Tuesday, 17 February 2015

Stories of Mr. Keuner by Bertolt Brecht

Geschichten vom Herrn Keuner (Stories of Mr. Keuner) is a series of short stories, aphorisms and commentary written by the great dramatist and poet Bertolt Brecht from about 1930 to his death in 1956.  They give advice and comments about all aspects of life and go far beyond the purely political  themes one usually associates with Brecht.  The advice is often simply about how to relate to other human beings and how to live ones daily life. Politics is however of course not absent at all and is a prominent recurring theme. The stories are very short, ranging from one sentence or a paragraph to two pages at the most.

The stories are both about and told by Mr. Keuner (therefore the ambiguous title) and serve to illustrate the points made by the title character. Keuner is a clever, if not wise man, a humanist and a thinker, who has opinions on most things and is most often seen in the role of the teacher and sage.

The advice given is often contrary to and directly challenges percieved and common "wisdom" and is often odd in a way that is hard to describe, if it's understandable at all. At times Keuner's comments resemble Zen koans. Humour is another important element and are present in many, if not most of the stories. The stories is often inspired by the author's Marxist worldview, but also by the Chinese philosophy that inspired Brecht as well.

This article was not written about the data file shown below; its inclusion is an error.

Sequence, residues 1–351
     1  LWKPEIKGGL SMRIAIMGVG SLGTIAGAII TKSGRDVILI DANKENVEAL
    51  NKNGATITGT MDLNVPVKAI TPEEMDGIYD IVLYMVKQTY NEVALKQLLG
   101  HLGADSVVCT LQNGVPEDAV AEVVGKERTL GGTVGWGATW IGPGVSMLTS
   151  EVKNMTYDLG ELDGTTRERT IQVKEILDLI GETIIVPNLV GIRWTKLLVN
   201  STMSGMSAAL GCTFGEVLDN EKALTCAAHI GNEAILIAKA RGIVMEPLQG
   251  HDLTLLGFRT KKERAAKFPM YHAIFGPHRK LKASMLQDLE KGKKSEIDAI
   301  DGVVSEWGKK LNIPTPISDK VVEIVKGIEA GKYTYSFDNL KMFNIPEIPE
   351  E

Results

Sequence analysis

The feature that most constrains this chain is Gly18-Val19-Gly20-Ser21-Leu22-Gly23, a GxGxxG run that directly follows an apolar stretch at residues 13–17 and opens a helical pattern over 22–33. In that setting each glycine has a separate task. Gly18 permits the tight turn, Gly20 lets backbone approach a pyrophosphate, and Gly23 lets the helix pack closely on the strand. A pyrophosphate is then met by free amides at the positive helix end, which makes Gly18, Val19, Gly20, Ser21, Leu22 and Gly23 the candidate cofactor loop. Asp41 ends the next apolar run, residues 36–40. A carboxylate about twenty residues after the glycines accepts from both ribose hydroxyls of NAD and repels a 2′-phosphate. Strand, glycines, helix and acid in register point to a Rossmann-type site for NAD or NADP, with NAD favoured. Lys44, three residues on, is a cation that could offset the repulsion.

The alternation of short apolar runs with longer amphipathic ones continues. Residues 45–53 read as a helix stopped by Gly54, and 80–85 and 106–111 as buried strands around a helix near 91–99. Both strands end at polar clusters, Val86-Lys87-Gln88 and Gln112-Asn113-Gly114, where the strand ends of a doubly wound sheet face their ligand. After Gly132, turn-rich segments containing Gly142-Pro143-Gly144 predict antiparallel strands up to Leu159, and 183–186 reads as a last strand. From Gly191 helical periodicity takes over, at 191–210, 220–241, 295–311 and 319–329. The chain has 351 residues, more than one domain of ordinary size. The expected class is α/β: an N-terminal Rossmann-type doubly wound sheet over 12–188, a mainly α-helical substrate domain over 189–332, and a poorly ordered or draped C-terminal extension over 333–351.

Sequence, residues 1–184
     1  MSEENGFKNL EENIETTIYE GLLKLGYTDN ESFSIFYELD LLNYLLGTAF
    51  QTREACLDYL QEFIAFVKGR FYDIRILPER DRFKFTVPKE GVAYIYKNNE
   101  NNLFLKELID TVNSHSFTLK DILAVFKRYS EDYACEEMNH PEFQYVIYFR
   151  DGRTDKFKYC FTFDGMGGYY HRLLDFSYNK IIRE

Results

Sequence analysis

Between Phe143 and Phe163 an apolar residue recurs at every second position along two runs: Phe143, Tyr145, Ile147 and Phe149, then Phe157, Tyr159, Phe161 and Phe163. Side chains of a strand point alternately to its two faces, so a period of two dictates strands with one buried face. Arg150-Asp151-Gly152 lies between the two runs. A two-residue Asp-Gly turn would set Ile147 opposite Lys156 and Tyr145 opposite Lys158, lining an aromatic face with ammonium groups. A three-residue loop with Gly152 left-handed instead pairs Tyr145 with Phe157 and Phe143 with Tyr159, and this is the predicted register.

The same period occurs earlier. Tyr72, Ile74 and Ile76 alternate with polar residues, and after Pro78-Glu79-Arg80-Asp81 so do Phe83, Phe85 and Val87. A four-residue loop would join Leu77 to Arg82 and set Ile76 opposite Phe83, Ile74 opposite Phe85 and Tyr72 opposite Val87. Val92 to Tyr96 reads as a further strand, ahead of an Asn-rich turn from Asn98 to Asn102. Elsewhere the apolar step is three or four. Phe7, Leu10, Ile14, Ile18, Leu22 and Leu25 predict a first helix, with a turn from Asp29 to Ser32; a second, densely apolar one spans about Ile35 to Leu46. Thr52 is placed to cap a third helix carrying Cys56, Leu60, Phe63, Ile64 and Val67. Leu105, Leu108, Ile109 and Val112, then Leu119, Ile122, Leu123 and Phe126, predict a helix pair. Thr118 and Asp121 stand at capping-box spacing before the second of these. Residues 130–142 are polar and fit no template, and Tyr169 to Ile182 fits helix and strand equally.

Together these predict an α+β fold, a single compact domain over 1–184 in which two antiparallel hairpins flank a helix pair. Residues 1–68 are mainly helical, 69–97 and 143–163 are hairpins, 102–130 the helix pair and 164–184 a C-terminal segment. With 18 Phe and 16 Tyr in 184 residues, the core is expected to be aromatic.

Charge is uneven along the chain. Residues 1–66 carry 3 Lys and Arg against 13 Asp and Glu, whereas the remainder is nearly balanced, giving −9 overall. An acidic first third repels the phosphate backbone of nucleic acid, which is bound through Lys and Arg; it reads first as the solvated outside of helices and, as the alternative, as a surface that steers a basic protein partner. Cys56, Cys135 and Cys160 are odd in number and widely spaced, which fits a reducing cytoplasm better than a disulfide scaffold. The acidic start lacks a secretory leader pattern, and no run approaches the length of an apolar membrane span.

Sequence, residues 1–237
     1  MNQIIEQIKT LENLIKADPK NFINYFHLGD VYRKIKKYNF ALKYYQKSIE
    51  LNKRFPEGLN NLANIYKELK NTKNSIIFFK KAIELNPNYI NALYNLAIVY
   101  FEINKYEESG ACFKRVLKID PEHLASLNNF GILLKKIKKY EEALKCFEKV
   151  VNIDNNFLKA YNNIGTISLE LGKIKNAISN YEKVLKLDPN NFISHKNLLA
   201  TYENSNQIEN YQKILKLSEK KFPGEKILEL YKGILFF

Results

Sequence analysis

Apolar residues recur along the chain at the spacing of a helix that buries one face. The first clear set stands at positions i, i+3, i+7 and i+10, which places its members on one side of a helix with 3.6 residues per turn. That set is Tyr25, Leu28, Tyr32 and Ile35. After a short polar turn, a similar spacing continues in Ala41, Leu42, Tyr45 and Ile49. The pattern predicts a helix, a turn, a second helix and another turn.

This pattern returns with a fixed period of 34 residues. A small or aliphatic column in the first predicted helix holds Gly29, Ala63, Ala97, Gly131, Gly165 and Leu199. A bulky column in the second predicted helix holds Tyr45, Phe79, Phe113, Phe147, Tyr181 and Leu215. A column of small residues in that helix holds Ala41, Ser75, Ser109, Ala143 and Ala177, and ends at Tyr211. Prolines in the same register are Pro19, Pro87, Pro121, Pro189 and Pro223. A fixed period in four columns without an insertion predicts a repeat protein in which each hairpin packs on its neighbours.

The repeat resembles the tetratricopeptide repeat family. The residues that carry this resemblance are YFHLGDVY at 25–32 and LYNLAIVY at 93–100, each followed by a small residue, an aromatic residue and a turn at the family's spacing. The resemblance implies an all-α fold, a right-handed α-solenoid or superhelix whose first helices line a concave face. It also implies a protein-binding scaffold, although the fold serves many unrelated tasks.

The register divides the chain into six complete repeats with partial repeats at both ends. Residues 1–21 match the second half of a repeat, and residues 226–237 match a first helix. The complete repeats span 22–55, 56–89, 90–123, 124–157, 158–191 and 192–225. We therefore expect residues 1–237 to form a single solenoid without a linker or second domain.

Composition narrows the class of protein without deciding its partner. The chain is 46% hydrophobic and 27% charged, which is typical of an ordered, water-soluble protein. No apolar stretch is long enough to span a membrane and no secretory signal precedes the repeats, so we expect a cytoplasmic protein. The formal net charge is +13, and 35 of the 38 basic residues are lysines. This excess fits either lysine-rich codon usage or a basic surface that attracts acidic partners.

But one should also keep in mind that the stories are more supposed to act as incitement to further thinking, than an infallible guide.  Keuner is far from always a sympathetic character. For all his non-conformist and revolutinary thinking, Keuner also advocates a cowardly submission to the powers that be when necessary, something that Brecht practiced in real life at times.

The Keuner stories are despite this very much worth reading. The advice given is often very wise and thought provoking and even if one doesn't agree or understand, the story is often interesting or funny nevertheless.
The stories have been translated into English by Martin Chalmers. The Swedish translations I read was by Ulf Gran and a complete collection of them was released last year. Many of the stories can be found on the internet. Here is a page with some of the stories in english.

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